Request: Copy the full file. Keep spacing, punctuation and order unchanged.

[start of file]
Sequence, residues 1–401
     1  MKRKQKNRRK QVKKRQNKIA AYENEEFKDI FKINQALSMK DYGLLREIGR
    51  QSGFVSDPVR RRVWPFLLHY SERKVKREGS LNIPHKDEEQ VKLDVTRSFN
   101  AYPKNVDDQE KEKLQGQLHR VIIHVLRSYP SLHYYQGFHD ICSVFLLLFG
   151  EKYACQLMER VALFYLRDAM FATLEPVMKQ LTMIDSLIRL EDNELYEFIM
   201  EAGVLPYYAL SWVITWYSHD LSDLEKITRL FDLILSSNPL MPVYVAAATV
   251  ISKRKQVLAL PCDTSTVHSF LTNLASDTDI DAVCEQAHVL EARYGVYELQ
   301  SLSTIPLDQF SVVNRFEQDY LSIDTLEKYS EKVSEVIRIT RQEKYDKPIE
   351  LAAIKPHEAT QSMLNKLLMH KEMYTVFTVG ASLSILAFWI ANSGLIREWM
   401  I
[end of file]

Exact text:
Sequence, residues 1–401
     1  MKRKQKNRRK QVKKRQNKIA AYENEEFKDI FKINQALSMK DYGLLREIGR
    51  QSGFVSDPVR RRVWPFLLHY SERKVKREGS LNIPHKDEEQ VKLDVTRSFN
   101  AYPKNVDDQE KEKLQGQLHR VIIHVLRSYP SLHYYQGFHD ICSVFLLLFG
   151  EKYACQLMER VALFYLRDAM FATLEPVMKQ LTMIDSLIRL EDNELYEFIM
   201  EAGVLPYYAL SWVITWYSHD LSDLEKITRL FDLILSSNPL MPVYVAAATV
   251  ISKRKQVLAL PCDTSTVHSF LTNLASDTDI DAVCEQAHVL EARYGVYELQ
   301  SLSTIPLDQF SVVNRFEQDY LSIDTLEKYS EKVSEVIRIT RQEKYDKPIE
   351  LAAIKPHEAT QSMLNKLLMH KEMYTVFTVG ASLSILAFWI ANSGLIREWM
   401  I